Credit card scams have always been around but the Internet and email have allowed these scams to reach a far greater audience and potentially cause even more damage than in the past. Some of these credit card scams have two goals: to obtain valid credit card numbers and to harvest email addresses for future spam and scam purposes. Shown here is an example:
The recipient is then given two options: to enter a credit card number (and expiration date) or to press "No". Of course, entering the credit card number and pressing "Yes" will send that info to the malicious person behind the scam - and approve the charge. But clicking "No" also has an undesireable affect - it lets the sender know they've obtained a valid email address - one they will use for spam and scam campaigns in the future.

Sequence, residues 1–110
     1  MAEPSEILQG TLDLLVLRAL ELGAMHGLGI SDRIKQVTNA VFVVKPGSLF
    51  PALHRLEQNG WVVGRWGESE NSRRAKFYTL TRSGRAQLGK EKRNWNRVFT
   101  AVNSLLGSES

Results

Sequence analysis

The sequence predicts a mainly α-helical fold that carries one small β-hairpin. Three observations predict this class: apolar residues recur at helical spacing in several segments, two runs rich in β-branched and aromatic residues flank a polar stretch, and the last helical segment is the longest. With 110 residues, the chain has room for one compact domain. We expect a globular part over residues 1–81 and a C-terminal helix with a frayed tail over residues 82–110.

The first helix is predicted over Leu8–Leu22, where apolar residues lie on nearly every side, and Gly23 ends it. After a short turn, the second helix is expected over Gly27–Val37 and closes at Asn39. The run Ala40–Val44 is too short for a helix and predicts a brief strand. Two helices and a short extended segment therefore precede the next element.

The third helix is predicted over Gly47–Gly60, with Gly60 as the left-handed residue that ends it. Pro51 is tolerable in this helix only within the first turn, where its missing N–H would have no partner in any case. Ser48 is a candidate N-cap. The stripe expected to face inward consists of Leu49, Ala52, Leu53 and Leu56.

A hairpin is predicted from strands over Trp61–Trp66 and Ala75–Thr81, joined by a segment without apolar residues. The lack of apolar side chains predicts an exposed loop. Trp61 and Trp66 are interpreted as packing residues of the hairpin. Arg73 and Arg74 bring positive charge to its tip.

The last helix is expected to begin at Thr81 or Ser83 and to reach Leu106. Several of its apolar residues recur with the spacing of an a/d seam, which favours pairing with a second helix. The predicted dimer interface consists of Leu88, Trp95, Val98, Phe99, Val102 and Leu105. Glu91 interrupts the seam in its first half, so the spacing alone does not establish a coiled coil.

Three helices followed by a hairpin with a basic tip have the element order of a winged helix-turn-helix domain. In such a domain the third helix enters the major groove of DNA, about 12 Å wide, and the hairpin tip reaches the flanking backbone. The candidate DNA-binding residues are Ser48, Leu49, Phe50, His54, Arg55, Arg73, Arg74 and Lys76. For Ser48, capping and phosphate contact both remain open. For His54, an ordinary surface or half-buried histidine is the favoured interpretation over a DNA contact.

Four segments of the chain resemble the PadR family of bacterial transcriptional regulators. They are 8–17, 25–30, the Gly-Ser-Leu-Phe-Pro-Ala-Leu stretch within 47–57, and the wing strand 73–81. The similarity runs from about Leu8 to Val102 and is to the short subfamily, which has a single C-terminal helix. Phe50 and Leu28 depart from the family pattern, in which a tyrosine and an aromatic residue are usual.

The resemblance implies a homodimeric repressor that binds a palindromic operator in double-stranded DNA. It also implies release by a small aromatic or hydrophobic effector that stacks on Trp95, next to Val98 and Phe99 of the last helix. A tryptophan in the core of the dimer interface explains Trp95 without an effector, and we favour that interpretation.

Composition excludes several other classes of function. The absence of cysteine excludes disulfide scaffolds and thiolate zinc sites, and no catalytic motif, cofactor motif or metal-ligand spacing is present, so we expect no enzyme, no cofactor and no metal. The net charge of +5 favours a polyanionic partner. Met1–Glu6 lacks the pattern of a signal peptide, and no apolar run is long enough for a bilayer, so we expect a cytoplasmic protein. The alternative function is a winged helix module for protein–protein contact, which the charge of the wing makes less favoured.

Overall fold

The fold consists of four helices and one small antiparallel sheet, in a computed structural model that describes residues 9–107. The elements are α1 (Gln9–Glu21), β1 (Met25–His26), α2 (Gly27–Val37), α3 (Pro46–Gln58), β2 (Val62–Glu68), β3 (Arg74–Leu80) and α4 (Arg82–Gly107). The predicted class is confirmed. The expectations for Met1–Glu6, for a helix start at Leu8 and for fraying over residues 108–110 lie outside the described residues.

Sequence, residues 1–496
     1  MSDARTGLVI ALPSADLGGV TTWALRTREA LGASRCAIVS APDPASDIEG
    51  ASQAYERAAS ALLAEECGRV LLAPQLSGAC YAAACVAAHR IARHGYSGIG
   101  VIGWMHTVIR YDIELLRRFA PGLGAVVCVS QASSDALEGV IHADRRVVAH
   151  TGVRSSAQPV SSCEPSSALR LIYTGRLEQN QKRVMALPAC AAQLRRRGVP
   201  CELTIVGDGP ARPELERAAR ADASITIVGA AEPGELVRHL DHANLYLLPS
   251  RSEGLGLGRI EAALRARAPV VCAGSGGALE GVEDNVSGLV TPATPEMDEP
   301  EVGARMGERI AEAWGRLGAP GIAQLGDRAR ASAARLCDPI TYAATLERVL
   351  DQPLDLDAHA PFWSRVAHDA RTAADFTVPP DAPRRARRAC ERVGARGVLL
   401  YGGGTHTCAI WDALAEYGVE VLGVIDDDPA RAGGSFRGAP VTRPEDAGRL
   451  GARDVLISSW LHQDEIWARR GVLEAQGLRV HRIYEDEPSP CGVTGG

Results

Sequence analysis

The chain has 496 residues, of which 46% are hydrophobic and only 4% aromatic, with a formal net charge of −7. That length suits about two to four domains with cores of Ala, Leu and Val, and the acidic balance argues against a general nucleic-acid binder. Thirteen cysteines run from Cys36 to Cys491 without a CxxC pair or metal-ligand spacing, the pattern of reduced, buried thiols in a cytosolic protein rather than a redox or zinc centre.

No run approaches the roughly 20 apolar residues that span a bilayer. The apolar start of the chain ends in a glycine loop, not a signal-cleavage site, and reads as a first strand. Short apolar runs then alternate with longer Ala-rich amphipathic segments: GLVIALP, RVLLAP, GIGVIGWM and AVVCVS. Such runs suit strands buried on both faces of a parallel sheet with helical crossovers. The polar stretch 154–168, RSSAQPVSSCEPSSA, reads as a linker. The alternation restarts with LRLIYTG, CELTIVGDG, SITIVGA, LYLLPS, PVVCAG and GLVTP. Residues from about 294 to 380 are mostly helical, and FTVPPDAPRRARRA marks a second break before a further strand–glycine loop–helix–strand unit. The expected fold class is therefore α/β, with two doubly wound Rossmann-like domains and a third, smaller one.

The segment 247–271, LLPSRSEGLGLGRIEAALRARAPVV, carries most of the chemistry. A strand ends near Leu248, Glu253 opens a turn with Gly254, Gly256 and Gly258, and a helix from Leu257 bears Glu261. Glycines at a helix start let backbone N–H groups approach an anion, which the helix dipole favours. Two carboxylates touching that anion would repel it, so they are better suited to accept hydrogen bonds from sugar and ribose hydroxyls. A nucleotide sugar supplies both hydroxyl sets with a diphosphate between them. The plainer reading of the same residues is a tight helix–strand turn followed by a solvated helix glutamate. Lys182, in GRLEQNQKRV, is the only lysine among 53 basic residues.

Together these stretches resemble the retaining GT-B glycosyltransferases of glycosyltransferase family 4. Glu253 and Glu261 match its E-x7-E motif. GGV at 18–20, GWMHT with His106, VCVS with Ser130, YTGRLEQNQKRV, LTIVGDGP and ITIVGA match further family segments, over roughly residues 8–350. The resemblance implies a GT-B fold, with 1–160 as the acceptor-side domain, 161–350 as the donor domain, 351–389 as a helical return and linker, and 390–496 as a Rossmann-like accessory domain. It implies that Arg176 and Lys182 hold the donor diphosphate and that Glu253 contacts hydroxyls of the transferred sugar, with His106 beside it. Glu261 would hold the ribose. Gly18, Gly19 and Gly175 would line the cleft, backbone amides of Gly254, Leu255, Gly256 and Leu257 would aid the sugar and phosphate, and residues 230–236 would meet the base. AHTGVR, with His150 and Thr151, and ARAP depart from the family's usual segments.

Frustratingly, emailing the sender and complaining does no good. These scams often spoof the From address, using either fake or stolen email addresses. This common tactic is also used by many mass-mailing email worms to make it appear the email is coming from a completely innocent party.
My advice? Give no response and simply delete the email.
This is just one example of a popular credit card scam. Even more devious are those pretending to be email from eBay, PayPal, Wells Fargo, or other reputable merchant and banking organisations. These emails look very authentic and can easily trick unsuspecting users into divulging their credit card numbers, bank account information, and enough personal details to facilitate everything from credit card fraud to identity theft.